Performance from the Allison powerplants netted a top speed of 345 miles-per-hour along with a cruise speed upwards of 289 miles-per-hour. A range of 1,496 miles was possible as was a service ceiling of up to 33,500 feet with a rate-of-climb of 2,610 feet-per-minute. Payload limitation was listed at up to 10,000lbs consisting of either passengers or cargo. In the former, the Greyhound could seat up to 26 personnel or 12 medical litters as needed. Standard operational crew were two pilots and two aircrew personnel.

Production of this fine transport aircraft was limited to just 58 examples, costing the American tax payer at least $38.96 million dollars per unit. The United States Navy remains the sole operator of the C-2 Greyhound system and, as of this writing, current service Greyhounds have been entered into a "Critical Life Extension Program", otherwise known as "SLEP" - an effort to once again increase their service lives as the United States Navy admits no plans to replace the type.


November 2012 - A modified, modernized C-2 Greyhound is expected to square-off against a Bell Boeing V-22 Osprey tilt-rotor helicopter for the future of Carrier Onboard Delivery (COD) operations of the United States Navy. Though both types hold inherent benefits and drawbacks, though the selection of the latter could very well change the scope of USN operations at sea with its STOVL capabilities.

January 2015 - It was announced that the USN had elected to take on a stock of USMC MV-22 tilt-rotor aircraft instead of modernizing its C-2 force.

Our Data Modules allow for quick visual reference when comparing a single entry against contemporary designs. Areas covered include general ratings, speed assessments, and relative ranges based on distances between major cities.

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Relative Maximum Speed Rating
Hi: 400mph
Lo: 200mph
    This entry's maximum listed speed (331mph).

    Graph average of 300 miles-per-hour.
City-to-City Ranges
Graph showcases the Grumman C-2A Greyhound's operational range (on internal fuel) when compared to distances between major cities.
Aviation Era
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Useful in showcasing the era cross-over of particular aircraft/aerospace designs.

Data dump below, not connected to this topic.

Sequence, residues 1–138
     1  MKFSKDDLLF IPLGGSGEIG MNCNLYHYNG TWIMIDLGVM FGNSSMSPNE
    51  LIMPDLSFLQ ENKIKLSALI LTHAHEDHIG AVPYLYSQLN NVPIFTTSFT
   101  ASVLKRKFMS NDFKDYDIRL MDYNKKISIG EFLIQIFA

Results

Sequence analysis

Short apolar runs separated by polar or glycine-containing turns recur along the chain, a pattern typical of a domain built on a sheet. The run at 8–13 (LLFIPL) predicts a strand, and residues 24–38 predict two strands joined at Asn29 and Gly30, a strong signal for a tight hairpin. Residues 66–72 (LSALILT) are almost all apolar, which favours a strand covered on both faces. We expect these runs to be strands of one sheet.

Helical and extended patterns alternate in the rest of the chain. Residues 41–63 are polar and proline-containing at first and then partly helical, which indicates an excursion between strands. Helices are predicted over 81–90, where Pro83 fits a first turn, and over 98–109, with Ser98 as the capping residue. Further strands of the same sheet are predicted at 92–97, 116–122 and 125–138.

Unit Production Comparison
Comm. Market HI*: 44,000 units
Military Market HI**: 36,183 units

  * Commercial Market High belongs to Cessna 172.

  ** Military Market High belongs to Ilyushin Il-2.

Altitude Visualization
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Supported Roles
Ground Attack
Aerial Tanker
A2A=Air-to-Air; UAV=Unmanned; CAS=Close Support; ASW=Anti-Submarine; AEW=Airborne Early Warning; MEDEVAC=Medical Evac; EW=Electronic Warfare; SAR=Search-Rescue
Commitments / Honors
Military lapel ribbon for Operation Allied Force
Military lapel ribbon for the Arab-Israeli War
Military lapel ribbon for the Battle of Britain
Military lapel ribbon for the Battle of Midway
Military lapel ribbon for the Berlin Airlift
Military lapel ribbon for the Chaco War
Military lapel ribbon for the Cold War
Military lapel ribbon for the Cuban Missile Crisis
Military lapel ribbon for pioneering aircraft
Military lapel ribbon for the Falklands War
Military lapel ribbon for the French-Indochina War
Military lapel ribbon for the Golden Age of Flight
Military lapel ribbon for the 1991 Gulf War
Military lapel ribbon for the Indo-Pak Wars
Military lapel ribbon for the Iran-Iraq War
Military lapel ribbon for the Korean War
Military lapel ribbon for the 1982 Lebanon War
Military lapel ribbon for the Malayan Emergency
Military lapel ribbon representing modern aircraft
Military lapel ribbon for the attack on Pearl Harbor
Military lapel ribbon for the Six Day War
Military lapel ribbon for the Soviet-Afghan War
Military lapel ribbon for the Spanish Civil War
Military lapel ribbon for the Suez Crisis
Military lapel ribbon for the Vietnam War
Military lapel ribbon for Warsaw Pact of the Cold War-era
Military lapel ribbon for the WASP (WW2)
Military lapel ribbon for the World War 1
Military lapel ribbon for the World War 2
Military lapel ribbon for the Yom Kippur War
Military lapel ribbon for experimental x-plane aircraft
* Ribbons not necessarily indicative of actual historical campaign ribbons. Ribbons are clickable to their respective campaigns/operations.